letter where it's implied that she may never return. Her lover believes that her love for him is either fading or already gone, and in the last line of the song, he asks her to send him "Spanish boots of Spanish leather." Salon.com critic Bill Wyman called the song "an abstract classic and one of the purest, most confounding folk songs of the time."
According to Heylin, "When The Ship Comes In" was written in August 1963 "in a
fit of pique, in a
hotel room, after his unkempt appearance had led an impertinent hotel clerk to refuse him admission until his companion, Joan Baez, had vouched for his good character." Heylin speculates that "Jenny's Song" from Brecht and Weill's Threepenny Opera was also an inspiration: "As Pirate Jenny dreams of the destruction of all her enemies by a
mysterious ship, so Dylan envisages the neophobes being swept aside in 'the hour when the ship comes in'." Dylan's former girlfriend Suze Rotolo recalls that her "interest in Brecht was certainly an influence on him. I was working for the Circle in the Square Theater and he came to listen all the time. He was very affected by the song that Lotte Lenya's known for, 'Pirate Jenny'."
"Possibly the most focused and precise and persuasive of [Dylan's] protest songs", according to Wyman, "'The Lonesome Death of Hattie Carroll' tells the story of a
rich tobacco-farm owner (William Zantzinger, who is called "William Zanzinger" in the song) who kills his African-American servant (Hattie Carroll). Based on actual events, the song portrays Zantzinger as a
privileged individual who kills Carroll by striking her with his cane at a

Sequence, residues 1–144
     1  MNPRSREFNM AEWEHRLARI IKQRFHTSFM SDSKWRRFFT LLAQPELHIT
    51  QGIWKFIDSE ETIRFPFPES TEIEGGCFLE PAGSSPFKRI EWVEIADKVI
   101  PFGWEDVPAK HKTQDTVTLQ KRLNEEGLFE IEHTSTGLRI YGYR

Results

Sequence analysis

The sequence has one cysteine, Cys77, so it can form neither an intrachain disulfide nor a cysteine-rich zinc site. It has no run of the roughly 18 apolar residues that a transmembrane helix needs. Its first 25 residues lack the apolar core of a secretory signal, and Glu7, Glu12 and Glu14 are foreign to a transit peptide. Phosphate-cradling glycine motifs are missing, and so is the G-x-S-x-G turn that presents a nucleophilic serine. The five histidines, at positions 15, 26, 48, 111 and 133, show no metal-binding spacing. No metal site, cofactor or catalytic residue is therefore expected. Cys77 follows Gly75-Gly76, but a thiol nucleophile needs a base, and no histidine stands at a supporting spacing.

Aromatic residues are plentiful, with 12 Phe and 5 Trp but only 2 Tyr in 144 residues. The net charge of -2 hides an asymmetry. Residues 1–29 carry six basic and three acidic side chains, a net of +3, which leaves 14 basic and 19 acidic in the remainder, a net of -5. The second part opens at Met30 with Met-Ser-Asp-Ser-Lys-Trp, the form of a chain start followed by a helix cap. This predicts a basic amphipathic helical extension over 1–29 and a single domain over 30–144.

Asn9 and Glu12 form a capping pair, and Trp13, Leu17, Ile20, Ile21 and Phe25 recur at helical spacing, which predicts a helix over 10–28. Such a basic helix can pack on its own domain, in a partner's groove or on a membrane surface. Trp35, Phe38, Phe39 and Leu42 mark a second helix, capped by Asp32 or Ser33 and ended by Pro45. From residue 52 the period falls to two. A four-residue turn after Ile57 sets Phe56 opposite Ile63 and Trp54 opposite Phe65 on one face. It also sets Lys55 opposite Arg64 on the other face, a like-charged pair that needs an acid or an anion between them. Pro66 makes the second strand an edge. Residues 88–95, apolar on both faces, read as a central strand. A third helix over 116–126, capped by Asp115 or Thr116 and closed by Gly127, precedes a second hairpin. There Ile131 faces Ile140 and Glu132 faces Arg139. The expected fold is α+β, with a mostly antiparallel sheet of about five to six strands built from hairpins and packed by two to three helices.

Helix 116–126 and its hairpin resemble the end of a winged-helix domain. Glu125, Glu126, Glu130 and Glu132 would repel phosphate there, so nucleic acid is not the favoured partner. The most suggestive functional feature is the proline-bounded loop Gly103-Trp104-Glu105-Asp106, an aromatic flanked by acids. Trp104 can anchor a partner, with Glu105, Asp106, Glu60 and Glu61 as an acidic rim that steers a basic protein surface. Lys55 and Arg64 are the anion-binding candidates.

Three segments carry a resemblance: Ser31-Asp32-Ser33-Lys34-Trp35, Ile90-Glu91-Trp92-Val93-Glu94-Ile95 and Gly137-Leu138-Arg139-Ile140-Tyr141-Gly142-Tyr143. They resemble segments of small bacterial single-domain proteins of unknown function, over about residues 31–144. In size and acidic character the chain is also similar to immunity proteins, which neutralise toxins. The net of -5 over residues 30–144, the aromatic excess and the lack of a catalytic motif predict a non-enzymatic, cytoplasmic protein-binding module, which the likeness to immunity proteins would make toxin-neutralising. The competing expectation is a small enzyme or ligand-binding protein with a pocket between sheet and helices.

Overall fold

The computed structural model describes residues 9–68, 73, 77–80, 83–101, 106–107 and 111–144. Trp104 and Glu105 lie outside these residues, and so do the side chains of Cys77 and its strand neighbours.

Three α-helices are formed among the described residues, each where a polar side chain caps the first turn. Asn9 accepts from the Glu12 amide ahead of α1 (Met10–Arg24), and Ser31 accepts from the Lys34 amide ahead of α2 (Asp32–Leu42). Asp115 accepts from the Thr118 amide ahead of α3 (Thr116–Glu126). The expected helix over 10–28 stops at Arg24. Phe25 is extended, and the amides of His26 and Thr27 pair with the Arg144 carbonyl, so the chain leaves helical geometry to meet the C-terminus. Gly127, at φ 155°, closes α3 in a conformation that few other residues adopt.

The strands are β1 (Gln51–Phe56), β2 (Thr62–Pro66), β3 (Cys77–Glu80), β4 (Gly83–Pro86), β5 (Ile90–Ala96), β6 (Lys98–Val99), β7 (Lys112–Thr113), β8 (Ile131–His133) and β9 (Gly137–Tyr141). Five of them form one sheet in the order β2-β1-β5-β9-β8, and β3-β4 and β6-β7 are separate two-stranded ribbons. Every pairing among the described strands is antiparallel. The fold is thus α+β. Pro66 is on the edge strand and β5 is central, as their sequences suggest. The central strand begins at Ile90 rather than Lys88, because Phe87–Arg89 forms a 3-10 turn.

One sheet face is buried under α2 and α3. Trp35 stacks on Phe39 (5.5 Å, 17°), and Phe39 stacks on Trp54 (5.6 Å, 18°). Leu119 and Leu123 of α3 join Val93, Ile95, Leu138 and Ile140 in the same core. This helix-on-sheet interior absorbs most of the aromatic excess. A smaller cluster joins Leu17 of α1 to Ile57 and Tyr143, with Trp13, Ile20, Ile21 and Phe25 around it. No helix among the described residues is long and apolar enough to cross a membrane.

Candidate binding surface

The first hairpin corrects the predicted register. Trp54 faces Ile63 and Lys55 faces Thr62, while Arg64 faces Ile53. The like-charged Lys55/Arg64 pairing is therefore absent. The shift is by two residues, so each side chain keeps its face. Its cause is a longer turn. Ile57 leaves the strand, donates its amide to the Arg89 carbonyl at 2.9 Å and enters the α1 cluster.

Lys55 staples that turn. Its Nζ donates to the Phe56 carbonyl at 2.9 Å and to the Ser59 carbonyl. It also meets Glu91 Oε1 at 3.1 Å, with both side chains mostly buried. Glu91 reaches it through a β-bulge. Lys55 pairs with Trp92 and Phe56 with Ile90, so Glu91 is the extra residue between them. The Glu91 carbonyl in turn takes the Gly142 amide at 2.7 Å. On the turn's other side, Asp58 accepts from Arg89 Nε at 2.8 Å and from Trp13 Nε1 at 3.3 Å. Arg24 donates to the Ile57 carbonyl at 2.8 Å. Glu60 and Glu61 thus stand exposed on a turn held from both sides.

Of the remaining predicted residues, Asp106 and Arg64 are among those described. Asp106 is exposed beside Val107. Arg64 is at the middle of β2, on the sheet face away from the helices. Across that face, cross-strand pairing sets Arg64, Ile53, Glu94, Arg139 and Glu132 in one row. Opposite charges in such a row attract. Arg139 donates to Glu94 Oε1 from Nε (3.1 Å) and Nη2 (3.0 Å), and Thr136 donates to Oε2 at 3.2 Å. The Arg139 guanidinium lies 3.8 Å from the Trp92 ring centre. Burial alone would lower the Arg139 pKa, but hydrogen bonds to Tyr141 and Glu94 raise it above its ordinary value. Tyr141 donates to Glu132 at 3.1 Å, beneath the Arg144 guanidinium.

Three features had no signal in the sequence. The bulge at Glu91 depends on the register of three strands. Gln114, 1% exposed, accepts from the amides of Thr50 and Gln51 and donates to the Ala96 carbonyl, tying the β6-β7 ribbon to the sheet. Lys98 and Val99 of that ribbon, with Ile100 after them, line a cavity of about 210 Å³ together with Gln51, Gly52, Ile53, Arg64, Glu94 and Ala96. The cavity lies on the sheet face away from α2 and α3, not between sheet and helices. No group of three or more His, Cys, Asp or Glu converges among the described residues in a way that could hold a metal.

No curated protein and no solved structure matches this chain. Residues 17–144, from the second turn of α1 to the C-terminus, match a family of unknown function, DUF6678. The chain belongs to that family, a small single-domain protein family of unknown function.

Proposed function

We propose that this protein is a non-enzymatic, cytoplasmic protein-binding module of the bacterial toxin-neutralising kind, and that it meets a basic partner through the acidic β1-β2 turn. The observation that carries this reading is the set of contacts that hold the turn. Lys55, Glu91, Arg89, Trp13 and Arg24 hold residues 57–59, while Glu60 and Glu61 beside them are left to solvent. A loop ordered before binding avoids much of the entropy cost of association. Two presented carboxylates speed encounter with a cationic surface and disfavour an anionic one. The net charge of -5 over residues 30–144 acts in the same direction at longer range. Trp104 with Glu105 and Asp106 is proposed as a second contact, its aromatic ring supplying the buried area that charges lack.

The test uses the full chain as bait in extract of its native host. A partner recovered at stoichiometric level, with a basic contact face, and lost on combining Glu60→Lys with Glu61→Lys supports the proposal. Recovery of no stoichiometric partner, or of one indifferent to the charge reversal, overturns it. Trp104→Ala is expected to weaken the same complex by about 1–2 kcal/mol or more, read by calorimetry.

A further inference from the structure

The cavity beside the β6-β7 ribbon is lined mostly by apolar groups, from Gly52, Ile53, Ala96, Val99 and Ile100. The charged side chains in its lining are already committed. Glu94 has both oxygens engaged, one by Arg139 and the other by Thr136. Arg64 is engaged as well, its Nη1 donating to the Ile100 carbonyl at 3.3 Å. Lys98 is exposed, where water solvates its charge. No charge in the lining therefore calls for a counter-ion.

society gathering, escaping with a
nominal sentence because of his political connections.
The actual incident occurred at a
society ball at the Emerson Hotel in Baltimore, Maryland on February 9, 1963. Twenty-four-year-old Zantzinger was intoxicated and began striking people with a
wooden carnival cane. One of the people he struck was Carroll, then a
fifty-one-year-old barmaid with an enlarged heart and severe hypertension. When she questioned his need for another drink, Zantzinger became verbally abusive. He succeeded in upsetting Carroll, and on returning to the kitchen she complained about Zantzinger to a
co-worker. Carroll then collapsed, and she was taken to a
hospital where she died the following morning. Though there were no severe marks reported on Carroll's body, no autopsy was performed to determine the exact cause of death.
Zantzinger was charged with involuntary manslaughter since his actions, according to the courts, contributed to "a
tremendous emotional upsurge" that ultimately killed her; on August 28, 1963, Zantzinger was sentenced to six months in prison, which he began serving on September 15, and paid $25,000 in damages to Carroll's family.
"The Lonesome Death of Hattie Carroll" suggests that Zantzinger had political connections that came to his advantage during sentencing. His father, Richard C. Zantzinger, had served a
term in the Maryland legislature and on the state planning commission.A
few critics like Clinton Heylin would take issue with the facts portrayed in the song, but even Heylin himself conceded that the song is "a
brilliant evocation of the kind of miscarriage of justice the color of a
woman's skin could bring...[it is] Dylan's 'Vanity of Human Wishes'...a
masterpiece of drama and wordplay..."http://en.wikipedia.org/wiki/The_Times_ ... Changin%27
East Laredo Blueshttp://files.eocfu.com/uploads/10-EastLaredoBlues.mp3
Eternal Circle 1http://files.eocfu.com/uploads/-Eternal ... mplete.mp3
Eternal Circle 2http://files.eocfu.com/uploads/04-Etern ... ersion.mp3
Percy's Song(Not released version)http://files.eocfu.com/uploads/14-PercysSongVersion.mp3
New Orleans Raghttp://files.eocfu.com/uploads/NewOrlea ... mplete.mp3
Farewellhttp://files.eocfu.com/uploads/09-Farew ... mplete.mp3
That's Alright Mamahttp://files.eocfu.com/uploads/tMama-Sa ... ndEasy.mp3
Favorite Song: Lonesome Death of Hattie Carrol/ Boots of Spanish Leather
Least Favorite: North Country Blues
Overall Album Rating: 7.5/10
false clock tries to tick out my time
To disgrace, distract, and bother me.
And the dirt of gossip blows into my face,
And the dust of rumors covers me.
But if the arrow is straight
And the point is slick,
It can pierce through dust no matter how thick.
So I'll make my stand
And remain as I am
And bid farewell and not give a